Instead of running an image with our dependencies and then starting long-running processes, we can instead start the long processes and snapshot the state once they are ready. This can be done in docker, firecracker, and others. This makes our startup phase nearly instant.

New architecture

With this pieces in place we end up with something like this:

Possible ideal architecture
Possible ideal architecture

When a change needs testing:

  1. The large builder instance picks it up
  2. It clones the changes (fast, due to our changes above)
  3. Builds images and test binaries
  4. As each test binary is ready, we trigger a new test runner to execute it

Our (completely made up) test timing now looks like:

Step Time Overall
Total 171.0s 100.00%
Git clone 1.0s 0.58%
Image pull 0.0s 0.00%
Cluster setup 0.0s 0.00%
Image Build 5.0s 2.92%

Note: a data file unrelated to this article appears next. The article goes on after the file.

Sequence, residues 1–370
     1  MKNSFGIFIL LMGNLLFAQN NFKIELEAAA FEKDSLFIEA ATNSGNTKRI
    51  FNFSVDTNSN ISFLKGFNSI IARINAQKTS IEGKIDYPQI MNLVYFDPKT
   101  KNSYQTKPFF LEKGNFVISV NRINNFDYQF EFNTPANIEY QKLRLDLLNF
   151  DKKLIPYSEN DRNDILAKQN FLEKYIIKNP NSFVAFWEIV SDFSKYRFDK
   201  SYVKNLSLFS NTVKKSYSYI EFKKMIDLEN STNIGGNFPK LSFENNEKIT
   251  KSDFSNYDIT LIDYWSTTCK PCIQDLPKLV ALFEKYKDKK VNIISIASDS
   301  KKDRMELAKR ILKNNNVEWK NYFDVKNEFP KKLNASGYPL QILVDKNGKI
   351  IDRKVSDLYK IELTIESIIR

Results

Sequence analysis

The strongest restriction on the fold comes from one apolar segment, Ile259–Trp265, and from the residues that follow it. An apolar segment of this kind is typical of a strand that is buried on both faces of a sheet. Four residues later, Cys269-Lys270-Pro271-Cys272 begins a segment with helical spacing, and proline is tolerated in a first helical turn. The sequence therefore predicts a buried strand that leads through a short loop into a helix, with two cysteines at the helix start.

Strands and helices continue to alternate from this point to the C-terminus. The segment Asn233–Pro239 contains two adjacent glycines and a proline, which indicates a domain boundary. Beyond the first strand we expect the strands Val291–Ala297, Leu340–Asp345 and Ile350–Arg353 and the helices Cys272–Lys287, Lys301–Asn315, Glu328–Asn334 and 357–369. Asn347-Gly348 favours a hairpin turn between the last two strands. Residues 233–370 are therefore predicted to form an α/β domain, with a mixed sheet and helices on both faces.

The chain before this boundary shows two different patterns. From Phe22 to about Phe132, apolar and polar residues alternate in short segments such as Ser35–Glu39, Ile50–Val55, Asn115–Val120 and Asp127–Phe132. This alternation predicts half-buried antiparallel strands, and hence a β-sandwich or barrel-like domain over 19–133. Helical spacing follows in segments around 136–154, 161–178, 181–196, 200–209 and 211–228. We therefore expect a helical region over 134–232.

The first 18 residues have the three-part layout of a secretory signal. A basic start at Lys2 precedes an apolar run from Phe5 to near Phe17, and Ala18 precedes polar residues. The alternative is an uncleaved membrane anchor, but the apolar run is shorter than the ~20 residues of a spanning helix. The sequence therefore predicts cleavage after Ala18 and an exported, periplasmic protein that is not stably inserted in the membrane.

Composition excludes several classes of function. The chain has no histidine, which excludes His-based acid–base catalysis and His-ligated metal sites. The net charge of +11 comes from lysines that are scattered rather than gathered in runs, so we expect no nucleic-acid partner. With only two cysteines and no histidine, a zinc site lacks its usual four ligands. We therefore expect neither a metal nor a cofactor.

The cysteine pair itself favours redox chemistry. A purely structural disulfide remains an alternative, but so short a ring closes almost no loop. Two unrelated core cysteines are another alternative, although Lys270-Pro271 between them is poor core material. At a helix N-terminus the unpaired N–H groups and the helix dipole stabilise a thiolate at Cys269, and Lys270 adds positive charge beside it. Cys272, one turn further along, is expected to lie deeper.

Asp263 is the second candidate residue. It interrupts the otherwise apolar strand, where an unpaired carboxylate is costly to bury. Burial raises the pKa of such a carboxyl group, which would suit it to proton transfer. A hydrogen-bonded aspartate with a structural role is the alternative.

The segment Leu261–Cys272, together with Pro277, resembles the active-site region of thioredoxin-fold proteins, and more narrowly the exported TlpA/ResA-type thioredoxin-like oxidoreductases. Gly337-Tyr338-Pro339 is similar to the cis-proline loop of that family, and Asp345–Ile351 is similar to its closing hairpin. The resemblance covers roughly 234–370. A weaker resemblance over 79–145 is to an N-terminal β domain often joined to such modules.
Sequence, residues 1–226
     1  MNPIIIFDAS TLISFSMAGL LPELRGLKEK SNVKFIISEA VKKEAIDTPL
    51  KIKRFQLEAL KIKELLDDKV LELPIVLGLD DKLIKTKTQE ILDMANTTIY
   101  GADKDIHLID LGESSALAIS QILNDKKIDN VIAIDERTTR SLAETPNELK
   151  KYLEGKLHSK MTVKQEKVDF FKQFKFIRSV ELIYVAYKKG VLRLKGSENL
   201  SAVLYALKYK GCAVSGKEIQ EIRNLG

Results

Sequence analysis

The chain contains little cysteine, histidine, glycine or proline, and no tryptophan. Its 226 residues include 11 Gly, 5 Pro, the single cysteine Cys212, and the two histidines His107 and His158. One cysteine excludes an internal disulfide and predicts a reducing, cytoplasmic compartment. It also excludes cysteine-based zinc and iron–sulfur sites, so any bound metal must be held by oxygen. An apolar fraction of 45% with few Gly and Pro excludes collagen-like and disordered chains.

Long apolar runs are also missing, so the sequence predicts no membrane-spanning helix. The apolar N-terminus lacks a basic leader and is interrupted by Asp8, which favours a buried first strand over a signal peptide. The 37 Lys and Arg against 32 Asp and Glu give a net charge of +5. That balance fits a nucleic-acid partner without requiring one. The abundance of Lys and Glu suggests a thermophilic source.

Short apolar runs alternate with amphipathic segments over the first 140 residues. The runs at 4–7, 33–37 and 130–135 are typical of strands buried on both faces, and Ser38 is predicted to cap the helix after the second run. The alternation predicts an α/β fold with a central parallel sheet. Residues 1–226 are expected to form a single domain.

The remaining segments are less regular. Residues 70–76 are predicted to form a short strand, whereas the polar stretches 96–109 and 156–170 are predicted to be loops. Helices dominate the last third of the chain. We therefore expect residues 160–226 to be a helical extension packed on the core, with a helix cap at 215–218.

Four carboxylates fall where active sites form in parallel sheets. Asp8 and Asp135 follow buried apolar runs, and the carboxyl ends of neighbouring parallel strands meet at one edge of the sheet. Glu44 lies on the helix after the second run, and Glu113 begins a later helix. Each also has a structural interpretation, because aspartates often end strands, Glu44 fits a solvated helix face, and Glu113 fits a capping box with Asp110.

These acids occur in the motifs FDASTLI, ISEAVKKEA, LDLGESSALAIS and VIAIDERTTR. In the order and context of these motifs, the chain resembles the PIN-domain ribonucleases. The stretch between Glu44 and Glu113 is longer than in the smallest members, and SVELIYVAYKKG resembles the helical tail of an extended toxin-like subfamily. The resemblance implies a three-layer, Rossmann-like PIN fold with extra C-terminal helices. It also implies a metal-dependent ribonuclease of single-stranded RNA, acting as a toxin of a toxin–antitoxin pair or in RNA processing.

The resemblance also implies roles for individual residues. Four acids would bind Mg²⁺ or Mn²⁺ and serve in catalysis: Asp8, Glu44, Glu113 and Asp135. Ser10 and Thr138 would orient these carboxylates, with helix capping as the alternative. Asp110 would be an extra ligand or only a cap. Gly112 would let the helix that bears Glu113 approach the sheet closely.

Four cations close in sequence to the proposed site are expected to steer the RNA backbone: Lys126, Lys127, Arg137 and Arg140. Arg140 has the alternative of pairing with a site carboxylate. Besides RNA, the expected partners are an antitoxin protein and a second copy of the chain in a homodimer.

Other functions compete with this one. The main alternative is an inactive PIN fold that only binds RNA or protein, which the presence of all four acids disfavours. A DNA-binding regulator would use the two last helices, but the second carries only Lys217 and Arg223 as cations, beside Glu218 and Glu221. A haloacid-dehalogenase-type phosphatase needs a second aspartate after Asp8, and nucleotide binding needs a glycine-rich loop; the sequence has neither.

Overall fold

Test Compile 5.0s 2.92%
Test Setup 45.0s 26.32%
Test Execution 100.0s 58.48%
Post Test 15.0s 8.77%

58% of time is spent running our tests now (and 85%, if we include our application-specific test setup, which is kind of part of the test). This is up from 28%/42%.

Our total runtime is also 4x faster than before.

Going further

One thing that still bugs me about this approach is that the builders may be processing multiple changes at once. Go is not good at compiling multiple things in separate go invocations.

What we really want is a long running go build daemon, that can add actions to run to efficiently deduplicate these across calls.

At a very high level this seems plausible. The go compiler works by building a DAG of steps to process, so we "just" need to merge two DAGs together.